It’s too late to save the leg, which has been bitten off below the knee. But Brook Watson, the floating blonde youth depicted in Copley’s oil painting, will be rescued from the jaws of this tiger shark and go on to enjoy a long life as a London merchant, becoming Lord Mayor in 1796 and a baronet in 1803. His rise bred envy: “in spite of his later elevation”, wrote one of Copley’s detractors, “there are those whose sympathy is with the shark”.
Though based on true events, we view this work from the distant vantage of its artist’s imagination: Copley had never visited Cuba, the backdrop of his fearful tableau. Born in Boston in 1738, he enjoyed a successful career as a portraitist — with sitters including the likes of Paul Revere and Samuel Adams — gaining international fame for a study of his half-brother Henry Pelham, A Boy with a Flying Squirrel. Although Copley’s sitters and social circle included people from both sides of the political divide, as tensions mounted in the years leading up to the Declaration of Independence, the artist found himself liable through marriage. His father-in law, Richard Clarke, was one of the Tory merchants whose product had been destroyed during the Boston Tea Party. When a group of independence-seeking Whigs threatened Copley, he set off abroad.
With this change of scenery came a change in style, as Copley, influenced by a Grand Tour of the continent, began to depict not just individuals but dramatic and historic landscapes. In Watson and the Shark, he reanimates an adventure that occurred in the waters around Havana, when the artist was just eleven years old. As the cabin boy Watson went for a swim, he was ambushed by sharks. The crew members fended off a third assault and dragged the boy (now missing his right leg) back aboard.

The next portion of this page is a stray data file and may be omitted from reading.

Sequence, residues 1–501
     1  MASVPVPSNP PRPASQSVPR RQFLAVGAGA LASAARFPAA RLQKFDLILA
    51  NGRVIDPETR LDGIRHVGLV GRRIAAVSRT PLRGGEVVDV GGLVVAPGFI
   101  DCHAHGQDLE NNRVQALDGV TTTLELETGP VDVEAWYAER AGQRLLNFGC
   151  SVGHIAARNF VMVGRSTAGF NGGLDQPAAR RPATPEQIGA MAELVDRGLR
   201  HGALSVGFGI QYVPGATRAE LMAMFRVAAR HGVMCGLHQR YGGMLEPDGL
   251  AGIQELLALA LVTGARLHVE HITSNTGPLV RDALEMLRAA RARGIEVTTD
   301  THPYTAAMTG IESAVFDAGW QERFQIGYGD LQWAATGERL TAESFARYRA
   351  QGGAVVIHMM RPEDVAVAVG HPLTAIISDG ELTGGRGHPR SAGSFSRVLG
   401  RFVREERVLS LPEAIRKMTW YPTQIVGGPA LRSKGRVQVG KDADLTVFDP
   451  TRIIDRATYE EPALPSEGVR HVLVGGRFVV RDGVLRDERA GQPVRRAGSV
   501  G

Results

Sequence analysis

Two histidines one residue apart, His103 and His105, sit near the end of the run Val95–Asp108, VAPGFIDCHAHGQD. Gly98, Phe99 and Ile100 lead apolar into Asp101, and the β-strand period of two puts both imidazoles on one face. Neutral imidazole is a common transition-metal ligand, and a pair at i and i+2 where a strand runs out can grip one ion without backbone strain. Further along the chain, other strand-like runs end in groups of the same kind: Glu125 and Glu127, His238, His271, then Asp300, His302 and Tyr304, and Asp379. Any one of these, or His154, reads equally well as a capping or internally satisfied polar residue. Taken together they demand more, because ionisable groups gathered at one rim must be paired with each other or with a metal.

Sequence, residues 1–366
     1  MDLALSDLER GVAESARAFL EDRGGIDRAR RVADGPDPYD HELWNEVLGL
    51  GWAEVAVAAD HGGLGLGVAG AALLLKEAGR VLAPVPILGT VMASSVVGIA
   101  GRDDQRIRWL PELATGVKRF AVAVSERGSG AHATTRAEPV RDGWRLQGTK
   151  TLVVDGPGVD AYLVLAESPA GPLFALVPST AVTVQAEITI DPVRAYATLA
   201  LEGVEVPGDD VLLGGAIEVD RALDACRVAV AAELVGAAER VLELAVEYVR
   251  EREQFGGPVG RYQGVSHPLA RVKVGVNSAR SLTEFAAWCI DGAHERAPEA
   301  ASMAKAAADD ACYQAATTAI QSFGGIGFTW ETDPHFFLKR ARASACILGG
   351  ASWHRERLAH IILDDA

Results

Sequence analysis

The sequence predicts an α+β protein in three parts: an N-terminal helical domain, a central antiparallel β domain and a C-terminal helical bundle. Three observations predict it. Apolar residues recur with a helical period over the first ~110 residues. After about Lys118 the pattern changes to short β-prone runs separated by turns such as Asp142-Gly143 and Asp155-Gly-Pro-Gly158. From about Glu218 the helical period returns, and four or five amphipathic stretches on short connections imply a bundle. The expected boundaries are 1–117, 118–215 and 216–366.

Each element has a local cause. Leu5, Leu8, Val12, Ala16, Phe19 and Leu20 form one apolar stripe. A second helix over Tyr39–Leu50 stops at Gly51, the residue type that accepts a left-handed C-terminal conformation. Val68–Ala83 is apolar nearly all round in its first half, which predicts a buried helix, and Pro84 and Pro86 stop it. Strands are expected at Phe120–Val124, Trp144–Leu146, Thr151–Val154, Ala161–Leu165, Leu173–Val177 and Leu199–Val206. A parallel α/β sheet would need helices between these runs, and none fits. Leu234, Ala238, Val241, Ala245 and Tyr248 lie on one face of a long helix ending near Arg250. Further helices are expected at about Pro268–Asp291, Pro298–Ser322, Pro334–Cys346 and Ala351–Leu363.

Although it was a somewhat recent development in historical painting to portray contemporary events rather than biblical, classical, or military scenes, Watson and the Shark in many ways belongs to a longer aesthetic lineage. Several scholars have traced the debts that Copley owes to previous artworks, in terms of composition, anatomy, and metaphorical import. Watson has a similar body and posture (though rotated and semi-submerged) to the Borghese Gladiator (from the third century BCE), while his profile repeats that of Laocoön from the same era (Monique Webber discusses this statue in a PDR essay from 2016). Ellen G. Miles suggests the influence of earlier works such as Raphael’s George and the Dragon on Copley’s triangular composition and notices the influence that Charles Le Brun’s investigations into facial expression exert on the sailors’ painted visages.
One of the more prominent figures is the Black sailor who watches over the violent scene. Copley’s first sketches of the composition included a different, white figure, but for the final painting, he included this man, who appeared elsewhere in a standalone portrait by Copley, but whose identity remains unknown. The historian Louis P. Masur called this sailor “one of the most important representations of a black person in all of eighteenth-century Western art”. Many have pointed to the almost umbilical affinity between the distressed Watson and the cryptic sailor, who stands above the chaos and holds the rope that crosses Watson’s arm and seems to join his flowing blonde hair. Several other critics, including Michelle Wallace, Albert Boime, and Alan Rice, draw attention to the numerous descriptions in travel anthologies during the Atlantic slave trade of corpses being thrown to sharks. While Watson will be saved and is here rendered as a figure of resurrection (nude, bathed in light), so many others were never rescued from these waters.
Imagery from this post is featured in
our brand new book of images created to celebrate 10 years of The Public Domain Review.
500+ images – 368 pages
Large format – Clothbound hardcover